Mary slipped out of bed and opened the front door.
“Oh good, you’re still awake.” Abbie smiled. “Is it alright if I come in?”
“Of course.” Mary stepped to the side and they settled into her living room. “Would you like something to drink? Tea? Water?”
“If it’s not too much trouble I would love some tea.” Mary stood and went to the kitchen. Abbie looked at her with apprehension. “I meant to check on you earlier, but time got away from me. You seem better, though. Than when I saw you earlier, I mean.”
Mary came back with the tea then they sat in silence for a moment. Mary pursed her lips, but the words pried themselves from her. “Are you happy?”
“What? I . . . yes, I suppose I am.”
“Your kids are adults now, aren’t they?”
“Yes.” Abbie sipped her tea.
“And you’re happily married?”
“Of course. What is-”
“So it’s like that day never happened for you.”
“Mary-” Abbie put her cup down.
But Mary had already stood up and opened the front door. “Thanks for stopping by, but I’m really quite tired. You should go now.”
Abbie didn’t respond. Nodding slightly, she left the house without looking back. Mary closed the door, locked it, then pressed her face to it. Tears swelled in her eyes but she refused to let them fall. How could she just move on with her life? How could everyone pretend like that day never happened? Unless they were hiding something. Only the guilty keep on living after a tragedy. Only the ones who never really cared.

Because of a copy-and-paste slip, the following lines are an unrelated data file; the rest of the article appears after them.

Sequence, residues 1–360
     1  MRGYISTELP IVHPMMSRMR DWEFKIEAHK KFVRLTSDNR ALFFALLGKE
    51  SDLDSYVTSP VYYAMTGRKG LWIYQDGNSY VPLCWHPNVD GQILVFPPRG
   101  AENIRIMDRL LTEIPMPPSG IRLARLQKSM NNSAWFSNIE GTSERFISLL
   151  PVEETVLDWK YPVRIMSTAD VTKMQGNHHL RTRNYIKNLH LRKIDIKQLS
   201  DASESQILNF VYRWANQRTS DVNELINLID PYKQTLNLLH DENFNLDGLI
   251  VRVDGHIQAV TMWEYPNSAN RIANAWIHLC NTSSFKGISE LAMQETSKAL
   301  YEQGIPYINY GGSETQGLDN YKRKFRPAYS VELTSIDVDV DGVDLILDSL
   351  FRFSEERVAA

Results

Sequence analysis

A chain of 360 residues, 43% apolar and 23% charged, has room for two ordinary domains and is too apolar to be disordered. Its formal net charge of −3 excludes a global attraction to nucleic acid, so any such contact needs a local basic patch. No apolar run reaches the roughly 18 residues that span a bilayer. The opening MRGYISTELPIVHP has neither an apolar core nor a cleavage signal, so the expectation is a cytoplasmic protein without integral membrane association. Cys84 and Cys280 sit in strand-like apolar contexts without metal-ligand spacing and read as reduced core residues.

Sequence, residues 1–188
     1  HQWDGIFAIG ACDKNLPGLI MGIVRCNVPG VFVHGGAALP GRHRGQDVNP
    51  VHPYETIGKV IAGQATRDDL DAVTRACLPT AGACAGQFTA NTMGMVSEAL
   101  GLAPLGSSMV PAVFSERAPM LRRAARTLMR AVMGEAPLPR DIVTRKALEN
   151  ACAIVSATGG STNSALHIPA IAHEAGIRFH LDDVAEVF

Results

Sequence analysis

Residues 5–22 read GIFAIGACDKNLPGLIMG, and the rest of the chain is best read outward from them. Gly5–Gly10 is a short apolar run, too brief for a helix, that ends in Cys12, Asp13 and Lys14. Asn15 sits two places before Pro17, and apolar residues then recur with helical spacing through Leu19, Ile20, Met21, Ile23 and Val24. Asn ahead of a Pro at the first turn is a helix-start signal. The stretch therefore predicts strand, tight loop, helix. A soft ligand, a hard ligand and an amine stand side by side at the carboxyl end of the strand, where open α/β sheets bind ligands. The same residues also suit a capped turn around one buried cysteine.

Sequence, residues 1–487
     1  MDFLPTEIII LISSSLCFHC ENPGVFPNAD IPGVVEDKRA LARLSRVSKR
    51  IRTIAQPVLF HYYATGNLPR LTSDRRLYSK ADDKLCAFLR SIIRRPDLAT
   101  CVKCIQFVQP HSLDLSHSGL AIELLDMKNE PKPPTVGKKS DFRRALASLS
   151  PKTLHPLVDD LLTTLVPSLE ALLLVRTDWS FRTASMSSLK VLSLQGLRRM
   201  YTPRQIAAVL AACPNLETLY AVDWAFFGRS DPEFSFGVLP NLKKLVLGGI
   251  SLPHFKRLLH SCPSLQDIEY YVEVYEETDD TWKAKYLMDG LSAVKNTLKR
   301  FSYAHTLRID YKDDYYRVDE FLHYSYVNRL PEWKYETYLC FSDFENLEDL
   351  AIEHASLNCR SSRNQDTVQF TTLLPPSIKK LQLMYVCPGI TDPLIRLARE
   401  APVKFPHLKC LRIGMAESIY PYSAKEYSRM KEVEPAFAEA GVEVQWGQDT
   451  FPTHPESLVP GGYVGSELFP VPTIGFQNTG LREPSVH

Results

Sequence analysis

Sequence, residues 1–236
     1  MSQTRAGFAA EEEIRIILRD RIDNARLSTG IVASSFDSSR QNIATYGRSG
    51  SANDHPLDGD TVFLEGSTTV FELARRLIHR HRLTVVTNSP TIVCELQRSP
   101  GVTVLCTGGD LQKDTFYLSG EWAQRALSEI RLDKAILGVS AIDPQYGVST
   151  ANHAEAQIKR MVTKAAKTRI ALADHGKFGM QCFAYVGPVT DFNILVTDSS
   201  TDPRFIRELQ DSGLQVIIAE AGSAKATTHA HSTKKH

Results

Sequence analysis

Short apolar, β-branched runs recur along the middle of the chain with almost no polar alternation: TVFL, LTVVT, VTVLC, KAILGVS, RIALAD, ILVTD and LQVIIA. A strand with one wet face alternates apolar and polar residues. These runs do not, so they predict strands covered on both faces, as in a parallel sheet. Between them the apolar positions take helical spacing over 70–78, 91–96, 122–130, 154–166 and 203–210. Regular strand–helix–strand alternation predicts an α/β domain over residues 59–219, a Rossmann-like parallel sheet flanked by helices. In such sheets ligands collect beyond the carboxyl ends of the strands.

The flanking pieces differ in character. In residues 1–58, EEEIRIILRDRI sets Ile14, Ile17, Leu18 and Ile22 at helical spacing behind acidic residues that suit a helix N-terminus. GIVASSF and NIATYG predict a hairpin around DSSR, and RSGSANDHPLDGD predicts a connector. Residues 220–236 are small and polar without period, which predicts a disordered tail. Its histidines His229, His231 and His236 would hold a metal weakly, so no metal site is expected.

She pushed away from the door and walked back up the stairs to her bedroom. Even the ten steps in her nighttime regimen couldn’t calm her down now. She didn’t sleep. Instead, she rolled around her bed trying to put the final pieces together.
The next morning Mary came downstairs to see the nearly full cups of tea in the living room. She sighed to herself and took them to the kitchen sink. It was when she had finished rinsing them that she looked up to see two teen girls slipping into the woods. They were already in disarray, one clutching her stomach as though nauseous, and both seemed less than happy. Mary ran to the window and watched as the one clutching her stomach gestured for the other to go ahead. The other girl looked around and locked eyes with Mary. They knew each other in that moment. Knew each other in a way they never had before. Then the girls were in the woods and Mary was throwing her door open.
Branches snapped beneath her feet. The trees were so dense that, even though the girls must be close, Mary couldn’t see them. She moved forward and listened for any sound as quietly as she could.
“…he’s not yours…”
“…you don’t understand…”
Mary pressed up against a tree and tried to focus on the faint whispers.
“…everyone will know…”
“…there’s a plan…”
Mary stepped forward. A branch snapped. She froze.
“Did you hear something?”
The girls’ pace quickened, and silence fell before Mary moved forward. She picked up her pace as well for fear of missing something. It was several minutes before she heard any sound other than the cicadas.